PEDIATRICS (also spelled PAEDIATRICS or PæDIATRICS) is the branch of
medicine that involves the medical care of infants , children , and
adolescents . The
American Academy of Pediatrics
* 1 History * 2 Differences between adult and pediatric medicine * 3 Education Requirements * 4 Training of pediatricians * 5 Subspecialties * 6 See also * 7 References * 8 Further reading * 9 External links
Some of the oldest traces of pediatrics can be discovered in Ancient India where children's doctors were called kumara bhrtya. Sushruta Samhita an ayurvedic text, composed during the sixth century BC contains the text about pediatrics. Another ayurvedic text from this period is Kashyapa Samhita .
A second century AD manuscript by the Greek physician and
Soranus of Ephesus dealt with neonatal pediatrics.
Aëtius of Amida , Alexander
Trallianus , and
The Swedish physician
Nils Rosén von Rosenstein (1706–1773) is
considered to be the founder of modern pediatrics as a medical
specialty, while his work The diseases of children, and their
remedies (1764) is considered to be "the first modern textbook on the
The first generally accepted pediatric hospital is the Hôpital des
Enfants Malades (French :
In other European countries, the
Charité (a hospital founded in
DIFFERENCES BETWEEN ADULT AND PEDIATRIC MEDICINE
The body size differences are paralleled by maturation changes. The smaller body of an infant or neonate is substantially different physiologically from that of an adult. Congenital defects, genetic variance, and developmental issues are of greater concern to pediatricians than they often are to adult physicians. A common adage is that children are not simply "little adults". The clinician must take into account the immature physiology of the infant or child when considering symptoms, prescribing medications, and diagnosing illnesses.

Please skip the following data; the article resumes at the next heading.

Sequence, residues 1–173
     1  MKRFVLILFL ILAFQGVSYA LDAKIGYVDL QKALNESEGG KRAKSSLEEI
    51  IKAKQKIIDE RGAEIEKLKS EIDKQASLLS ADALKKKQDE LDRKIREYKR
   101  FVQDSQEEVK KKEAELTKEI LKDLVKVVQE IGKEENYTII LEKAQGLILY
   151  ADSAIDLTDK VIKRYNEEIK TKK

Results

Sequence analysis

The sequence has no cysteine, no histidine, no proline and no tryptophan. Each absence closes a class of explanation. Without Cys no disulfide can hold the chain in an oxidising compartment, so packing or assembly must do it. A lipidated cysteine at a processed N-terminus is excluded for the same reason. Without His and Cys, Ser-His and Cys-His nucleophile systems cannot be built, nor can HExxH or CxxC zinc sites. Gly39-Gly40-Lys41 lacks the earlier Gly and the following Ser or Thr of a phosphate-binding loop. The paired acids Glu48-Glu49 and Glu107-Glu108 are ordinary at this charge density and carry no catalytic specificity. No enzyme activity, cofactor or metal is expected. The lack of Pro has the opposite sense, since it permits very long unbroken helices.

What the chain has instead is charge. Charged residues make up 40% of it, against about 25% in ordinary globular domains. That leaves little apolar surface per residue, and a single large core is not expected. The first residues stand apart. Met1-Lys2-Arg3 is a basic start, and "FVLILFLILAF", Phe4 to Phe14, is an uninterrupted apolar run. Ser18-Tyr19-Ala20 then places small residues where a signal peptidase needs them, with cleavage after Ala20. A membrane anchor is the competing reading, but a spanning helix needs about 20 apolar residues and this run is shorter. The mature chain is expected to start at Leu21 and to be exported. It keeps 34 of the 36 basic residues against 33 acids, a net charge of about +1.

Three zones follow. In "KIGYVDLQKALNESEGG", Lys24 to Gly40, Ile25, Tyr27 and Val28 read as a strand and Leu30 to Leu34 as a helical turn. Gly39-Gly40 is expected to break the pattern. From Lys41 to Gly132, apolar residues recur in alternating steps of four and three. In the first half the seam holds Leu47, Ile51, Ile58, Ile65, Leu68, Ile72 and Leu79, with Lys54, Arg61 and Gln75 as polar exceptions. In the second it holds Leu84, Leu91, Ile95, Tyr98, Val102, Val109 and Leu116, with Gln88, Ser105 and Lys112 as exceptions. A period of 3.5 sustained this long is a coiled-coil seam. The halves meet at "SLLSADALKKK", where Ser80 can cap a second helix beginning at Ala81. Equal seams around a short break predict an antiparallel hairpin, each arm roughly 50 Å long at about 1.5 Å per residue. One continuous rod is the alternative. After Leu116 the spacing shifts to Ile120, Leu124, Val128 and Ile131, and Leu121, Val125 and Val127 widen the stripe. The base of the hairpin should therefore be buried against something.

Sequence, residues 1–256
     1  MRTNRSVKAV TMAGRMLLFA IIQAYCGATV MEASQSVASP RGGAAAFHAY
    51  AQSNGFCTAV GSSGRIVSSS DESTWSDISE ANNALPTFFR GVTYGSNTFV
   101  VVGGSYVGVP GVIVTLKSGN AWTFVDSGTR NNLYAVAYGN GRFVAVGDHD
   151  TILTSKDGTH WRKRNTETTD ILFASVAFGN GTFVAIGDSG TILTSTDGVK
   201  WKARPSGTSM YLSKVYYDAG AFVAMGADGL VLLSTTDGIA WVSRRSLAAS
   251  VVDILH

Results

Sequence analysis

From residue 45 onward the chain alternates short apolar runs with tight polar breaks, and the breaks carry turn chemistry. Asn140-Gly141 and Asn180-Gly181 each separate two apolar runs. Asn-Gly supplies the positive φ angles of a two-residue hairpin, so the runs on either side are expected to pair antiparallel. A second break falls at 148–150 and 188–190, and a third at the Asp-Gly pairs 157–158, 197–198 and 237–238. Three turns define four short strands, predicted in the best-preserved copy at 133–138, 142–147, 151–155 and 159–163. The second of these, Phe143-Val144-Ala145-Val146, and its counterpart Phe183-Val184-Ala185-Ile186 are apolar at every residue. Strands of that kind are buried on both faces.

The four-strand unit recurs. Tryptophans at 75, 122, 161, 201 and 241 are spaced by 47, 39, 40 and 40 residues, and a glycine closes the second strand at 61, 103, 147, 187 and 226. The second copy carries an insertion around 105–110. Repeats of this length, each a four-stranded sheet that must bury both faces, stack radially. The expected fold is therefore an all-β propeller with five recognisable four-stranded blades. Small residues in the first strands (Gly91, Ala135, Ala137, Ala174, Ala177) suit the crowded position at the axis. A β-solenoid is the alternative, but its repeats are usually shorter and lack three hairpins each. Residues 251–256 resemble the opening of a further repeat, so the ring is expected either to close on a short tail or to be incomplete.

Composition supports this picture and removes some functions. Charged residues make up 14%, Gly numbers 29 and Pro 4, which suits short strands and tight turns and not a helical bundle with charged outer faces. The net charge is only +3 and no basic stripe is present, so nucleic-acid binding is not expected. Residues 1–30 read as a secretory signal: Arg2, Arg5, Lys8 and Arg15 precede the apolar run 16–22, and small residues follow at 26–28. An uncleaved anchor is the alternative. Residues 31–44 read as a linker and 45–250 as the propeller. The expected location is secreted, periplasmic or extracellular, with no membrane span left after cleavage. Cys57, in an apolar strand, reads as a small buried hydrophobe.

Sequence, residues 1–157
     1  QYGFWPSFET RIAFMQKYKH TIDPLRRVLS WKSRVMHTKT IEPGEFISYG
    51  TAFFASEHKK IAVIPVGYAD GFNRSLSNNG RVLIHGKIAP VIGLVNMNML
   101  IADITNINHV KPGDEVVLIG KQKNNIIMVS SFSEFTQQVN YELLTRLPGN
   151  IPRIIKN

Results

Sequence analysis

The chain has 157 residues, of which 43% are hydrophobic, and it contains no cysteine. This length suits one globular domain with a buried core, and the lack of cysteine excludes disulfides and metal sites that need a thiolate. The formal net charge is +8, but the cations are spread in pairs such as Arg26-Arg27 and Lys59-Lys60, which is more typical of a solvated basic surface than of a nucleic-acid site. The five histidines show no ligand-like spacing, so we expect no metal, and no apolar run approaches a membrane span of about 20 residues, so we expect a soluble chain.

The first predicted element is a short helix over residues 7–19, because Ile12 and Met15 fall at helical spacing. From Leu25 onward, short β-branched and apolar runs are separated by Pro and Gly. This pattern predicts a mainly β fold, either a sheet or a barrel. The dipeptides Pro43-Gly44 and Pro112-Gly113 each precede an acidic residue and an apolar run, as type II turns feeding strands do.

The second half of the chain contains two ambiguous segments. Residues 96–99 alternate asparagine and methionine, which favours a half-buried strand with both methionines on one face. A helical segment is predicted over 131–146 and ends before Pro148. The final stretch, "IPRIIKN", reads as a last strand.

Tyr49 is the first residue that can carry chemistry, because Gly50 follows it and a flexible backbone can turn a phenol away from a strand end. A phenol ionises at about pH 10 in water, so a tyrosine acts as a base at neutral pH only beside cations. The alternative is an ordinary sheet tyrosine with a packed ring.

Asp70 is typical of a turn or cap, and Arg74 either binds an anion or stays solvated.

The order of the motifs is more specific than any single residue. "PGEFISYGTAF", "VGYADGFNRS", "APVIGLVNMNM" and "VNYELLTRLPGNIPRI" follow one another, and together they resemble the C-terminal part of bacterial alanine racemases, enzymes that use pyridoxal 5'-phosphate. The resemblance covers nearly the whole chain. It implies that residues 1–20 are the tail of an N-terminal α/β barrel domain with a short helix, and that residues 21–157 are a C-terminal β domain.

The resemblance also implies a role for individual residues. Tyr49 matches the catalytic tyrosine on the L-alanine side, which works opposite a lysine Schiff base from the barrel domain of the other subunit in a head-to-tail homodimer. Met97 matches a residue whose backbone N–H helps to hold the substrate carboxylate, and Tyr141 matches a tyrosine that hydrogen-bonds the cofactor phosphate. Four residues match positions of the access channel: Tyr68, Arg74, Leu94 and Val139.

A major difference between the practice of pediatric and adult
medicine is that children, in most jurisdictions and with certain
exceptions, cannot make decisions for themselves. The issues of
guardianship , privacy, legal responsibility and informed consent must
always be considered in every pediatric procedure. Pediatricians often
have to treat the parents and sometimes, the family, rather than just
Aspiring medical students will need 4 years of undergraduate courses at a college or university, which will get them a BS, BA, or other bachelor's degree. After completing college future pediatricians will need to attend 4 years of medical school and later do 3 more years of residency training, the first year of residency is formerly called "Internship." After completing the 3 years of residency, physicians are eligible to become certified in pediatrics by passing a rigorous test that deals with medical conditions related to young children.